The Callisto Protocol: a $160 million flop?


The Callisto Protocol: a 0 million flop?
Written by madishthestylebar

Game news The Callisto Protocol: a $160 million flop?

As the time for the fourth quarter 2022 fiscal statements is fast approaching, it seems that the South Korean stock market has taken a small hit on the head because of The Callisto Protocol. Glen Schofield’s latest game would be a real disappointment for Krafton and its investors, who would have lowered their sales targets.


  • An experience that struggles to convince
  • A $160 million flop

An experience that struggles to convince

Many players were waiting The Callisto Protocol, and for good reason: the app was supervised by Glen Schofield, a video game monument to whom we owe, among other things, the Dead Space license. On paper, Striking Distance’s game shared many similarities with its sibling. But when it was released, the video game community quickly noticed that, apart from a similar setting, atmosphere and genre, the two games ultimately did not have much in common. Much more “action” oriented than its predecessor, The Callisto Protocol relies above all on its combat system, and in particular its melee clashes.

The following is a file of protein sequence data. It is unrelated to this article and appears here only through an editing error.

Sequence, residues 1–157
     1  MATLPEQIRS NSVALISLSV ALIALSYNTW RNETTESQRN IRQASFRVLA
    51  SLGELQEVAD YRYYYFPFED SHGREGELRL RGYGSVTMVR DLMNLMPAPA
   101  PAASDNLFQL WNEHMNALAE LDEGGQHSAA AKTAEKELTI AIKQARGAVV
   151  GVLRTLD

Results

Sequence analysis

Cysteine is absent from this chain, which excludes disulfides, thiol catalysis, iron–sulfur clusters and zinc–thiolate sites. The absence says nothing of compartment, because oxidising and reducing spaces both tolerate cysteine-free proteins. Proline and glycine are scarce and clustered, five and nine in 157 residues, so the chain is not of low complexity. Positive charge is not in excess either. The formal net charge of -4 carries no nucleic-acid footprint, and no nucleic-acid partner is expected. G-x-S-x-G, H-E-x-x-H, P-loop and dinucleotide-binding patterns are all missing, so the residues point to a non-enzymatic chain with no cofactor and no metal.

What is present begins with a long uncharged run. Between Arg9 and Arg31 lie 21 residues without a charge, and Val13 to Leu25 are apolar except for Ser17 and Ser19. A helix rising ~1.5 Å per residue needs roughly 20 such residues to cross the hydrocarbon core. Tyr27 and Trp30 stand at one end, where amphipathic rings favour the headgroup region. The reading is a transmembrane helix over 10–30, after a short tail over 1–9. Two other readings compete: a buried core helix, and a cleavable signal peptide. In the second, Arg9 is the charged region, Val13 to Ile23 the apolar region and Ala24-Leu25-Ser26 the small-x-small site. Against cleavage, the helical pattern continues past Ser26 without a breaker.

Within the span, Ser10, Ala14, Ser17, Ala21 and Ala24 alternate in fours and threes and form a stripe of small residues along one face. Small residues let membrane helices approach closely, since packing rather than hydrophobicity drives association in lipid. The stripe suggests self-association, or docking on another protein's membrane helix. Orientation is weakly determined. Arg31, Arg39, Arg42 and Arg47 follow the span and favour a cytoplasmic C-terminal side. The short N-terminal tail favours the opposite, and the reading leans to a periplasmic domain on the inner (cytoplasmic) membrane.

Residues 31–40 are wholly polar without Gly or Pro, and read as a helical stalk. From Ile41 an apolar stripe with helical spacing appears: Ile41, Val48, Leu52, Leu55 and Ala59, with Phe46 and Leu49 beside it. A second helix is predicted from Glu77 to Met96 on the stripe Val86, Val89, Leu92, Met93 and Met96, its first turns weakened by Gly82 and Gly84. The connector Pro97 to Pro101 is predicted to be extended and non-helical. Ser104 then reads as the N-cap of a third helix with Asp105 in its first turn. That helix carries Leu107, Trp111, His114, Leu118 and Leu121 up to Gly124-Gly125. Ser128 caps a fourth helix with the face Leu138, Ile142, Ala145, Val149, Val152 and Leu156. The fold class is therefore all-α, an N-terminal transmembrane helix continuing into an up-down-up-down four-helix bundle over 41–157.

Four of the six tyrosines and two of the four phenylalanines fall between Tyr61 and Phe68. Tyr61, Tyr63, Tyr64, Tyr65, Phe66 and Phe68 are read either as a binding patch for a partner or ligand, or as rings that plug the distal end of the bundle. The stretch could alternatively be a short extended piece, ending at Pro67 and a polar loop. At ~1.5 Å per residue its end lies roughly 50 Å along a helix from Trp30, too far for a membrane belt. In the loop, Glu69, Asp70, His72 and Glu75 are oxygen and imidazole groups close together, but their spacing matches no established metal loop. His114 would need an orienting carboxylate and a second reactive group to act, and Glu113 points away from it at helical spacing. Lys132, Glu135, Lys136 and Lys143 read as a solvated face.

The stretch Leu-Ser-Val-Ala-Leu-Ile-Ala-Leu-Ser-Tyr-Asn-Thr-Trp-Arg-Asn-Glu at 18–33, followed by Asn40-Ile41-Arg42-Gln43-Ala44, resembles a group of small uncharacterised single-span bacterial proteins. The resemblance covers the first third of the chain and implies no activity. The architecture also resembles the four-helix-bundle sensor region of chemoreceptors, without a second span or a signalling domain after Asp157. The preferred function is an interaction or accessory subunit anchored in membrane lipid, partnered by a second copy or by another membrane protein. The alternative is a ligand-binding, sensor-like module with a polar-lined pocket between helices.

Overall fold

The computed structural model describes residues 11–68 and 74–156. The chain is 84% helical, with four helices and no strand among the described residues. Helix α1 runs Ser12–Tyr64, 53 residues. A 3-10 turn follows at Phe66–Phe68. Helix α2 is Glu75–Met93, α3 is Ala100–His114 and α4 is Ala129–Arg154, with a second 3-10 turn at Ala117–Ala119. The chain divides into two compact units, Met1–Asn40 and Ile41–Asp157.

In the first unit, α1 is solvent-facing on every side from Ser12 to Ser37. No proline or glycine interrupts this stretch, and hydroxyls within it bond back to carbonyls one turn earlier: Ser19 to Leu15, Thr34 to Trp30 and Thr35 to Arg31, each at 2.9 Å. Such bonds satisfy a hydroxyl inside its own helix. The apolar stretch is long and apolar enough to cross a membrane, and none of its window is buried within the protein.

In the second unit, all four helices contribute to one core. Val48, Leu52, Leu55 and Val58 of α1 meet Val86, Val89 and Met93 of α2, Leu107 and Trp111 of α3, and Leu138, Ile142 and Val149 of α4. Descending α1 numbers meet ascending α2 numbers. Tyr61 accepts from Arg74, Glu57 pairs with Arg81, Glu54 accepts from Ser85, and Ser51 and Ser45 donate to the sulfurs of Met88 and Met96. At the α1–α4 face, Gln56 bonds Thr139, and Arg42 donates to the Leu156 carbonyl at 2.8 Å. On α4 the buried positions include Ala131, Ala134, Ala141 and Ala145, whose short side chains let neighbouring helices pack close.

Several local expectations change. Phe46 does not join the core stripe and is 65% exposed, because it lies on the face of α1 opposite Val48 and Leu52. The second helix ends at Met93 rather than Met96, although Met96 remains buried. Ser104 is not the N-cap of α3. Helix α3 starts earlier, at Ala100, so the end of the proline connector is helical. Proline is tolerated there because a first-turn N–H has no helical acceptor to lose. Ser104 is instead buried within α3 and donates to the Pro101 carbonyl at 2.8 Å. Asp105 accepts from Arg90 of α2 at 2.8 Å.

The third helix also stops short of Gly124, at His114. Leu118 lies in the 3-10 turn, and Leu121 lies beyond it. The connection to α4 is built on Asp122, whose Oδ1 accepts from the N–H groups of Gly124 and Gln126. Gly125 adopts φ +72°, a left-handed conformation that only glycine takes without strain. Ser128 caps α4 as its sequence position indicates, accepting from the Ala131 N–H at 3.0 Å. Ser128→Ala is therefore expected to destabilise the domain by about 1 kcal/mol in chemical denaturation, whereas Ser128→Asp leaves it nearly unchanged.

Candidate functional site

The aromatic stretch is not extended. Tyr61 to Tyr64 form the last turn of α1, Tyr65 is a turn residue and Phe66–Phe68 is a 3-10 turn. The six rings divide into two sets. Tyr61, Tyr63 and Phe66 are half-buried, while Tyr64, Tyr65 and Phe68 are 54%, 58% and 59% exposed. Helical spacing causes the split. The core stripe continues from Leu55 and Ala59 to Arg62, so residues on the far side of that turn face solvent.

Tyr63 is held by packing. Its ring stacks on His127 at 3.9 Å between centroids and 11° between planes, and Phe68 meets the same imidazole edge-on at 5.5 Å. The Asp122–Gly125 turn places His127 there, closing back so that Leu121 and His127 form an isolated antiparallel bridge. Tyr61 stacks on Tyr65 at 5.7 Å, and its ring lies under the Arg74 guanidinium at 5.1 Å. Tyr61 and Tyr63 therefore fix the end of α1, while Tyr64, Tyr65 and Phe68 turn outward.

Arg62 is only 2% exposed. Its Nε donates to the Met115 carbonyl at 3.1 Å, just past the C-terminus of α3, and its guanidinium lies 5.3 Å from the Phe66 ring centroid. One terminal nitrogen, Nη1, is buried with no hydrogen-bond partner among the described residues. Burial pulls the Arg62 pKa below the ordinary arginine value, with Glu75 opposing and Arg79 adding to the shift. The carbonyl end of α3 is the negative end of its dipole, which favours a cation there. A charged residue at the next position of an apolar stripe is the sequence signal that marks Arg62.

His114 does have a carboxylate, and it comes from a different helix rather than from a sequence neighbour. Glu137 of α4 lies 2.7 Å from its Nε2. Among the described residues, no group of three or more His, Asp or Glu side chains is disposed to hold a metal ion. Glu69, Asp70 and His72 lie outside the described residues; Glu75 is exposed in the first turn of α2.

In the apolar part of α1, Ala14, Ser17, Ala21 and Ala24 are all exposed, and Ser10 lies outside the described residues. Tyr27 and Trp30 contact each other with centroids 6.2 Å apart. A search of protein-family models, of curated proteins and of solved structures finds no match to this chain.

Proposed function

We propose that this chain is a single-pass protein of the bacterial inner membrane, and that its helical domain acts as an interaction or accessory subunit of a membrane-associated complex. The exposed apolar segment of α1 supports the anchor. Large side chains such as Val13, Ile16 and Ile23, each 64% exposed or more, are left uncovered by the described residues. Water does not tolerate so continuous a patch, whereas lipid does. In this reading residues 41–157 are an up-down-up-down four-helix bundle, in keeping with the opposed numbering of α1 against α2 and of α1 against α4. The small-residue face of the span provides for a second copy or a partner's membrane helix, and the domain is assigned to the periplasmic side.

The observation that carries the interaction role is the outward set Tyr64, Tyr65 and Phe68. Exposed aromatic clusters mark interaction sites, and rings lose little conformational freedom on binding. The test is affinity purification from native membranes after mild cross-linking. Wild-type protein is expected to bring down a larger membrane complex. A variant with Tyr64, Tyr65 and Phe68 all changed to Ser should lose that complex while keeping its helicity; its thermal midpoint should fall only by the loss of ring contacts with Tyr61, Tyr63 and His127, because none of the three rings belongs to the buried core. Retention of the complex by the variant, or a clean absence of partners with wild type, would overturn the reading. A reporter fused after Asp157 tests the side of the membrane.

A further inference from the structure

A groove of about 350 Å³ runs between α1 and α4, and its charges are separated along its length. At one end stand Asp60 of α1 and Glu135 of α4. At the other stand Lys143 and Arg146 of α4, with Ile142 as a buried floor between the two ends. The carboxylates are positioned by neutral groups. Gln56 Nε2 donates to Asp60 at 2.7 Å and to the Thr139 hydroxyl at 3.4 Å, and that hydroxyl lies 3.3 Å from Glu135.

The Callisto Protocol: a $160 million flop?

If the title still offers a solid end-to-end experience, Striking Distance faced several technical issues at launch. What’s more, the gameplay disconcerted more than one player at first. Relatively demanding and quite punitive during the adventure, The Callisto Protocol also suffered from a frustrating fast save system, as well as a weapon reloading and healing mode that was ultimately poorly thought out according to reviews.

But while the studio has ironed out many of its game’s flaws with hotfixes and updates, it seems the after-action work wasn’t enough to convince players. The sales figures would be disappointing, especially when compared to the budget allocated to the project.

The Callisto Protocol: a $160 million flop?

A $160 million flop

Krafton bet big, really big, on the Striking Distance game. Thought of as an ambitious new license, The Callisto Protocol must benefit from a guaranteed follow-up at least until next summer, with several DLCs already planned. Glen Schofield had even declared that he wanted to make it a franchise in its own right. A project that will probably never see the light of day if we are to believe the figures revealed by K-Odyssey.

The Callisto Protocol reportedly cost Krafton nearly 200 billion won, or $162 million. A huge budget, which certainly includes development and marketing. But while the firm expected to sell more than 5 million copies which would have repaid the investment, the game is currently struggling to exceed 2 million sales. A blow for Krafton whose price would have fallen on the Korean market. Investors would now expect to sell nearly 2.1 million copies. It remains to be seen whether the patches and the additional content of the game will allow the machine to be restarted or not.

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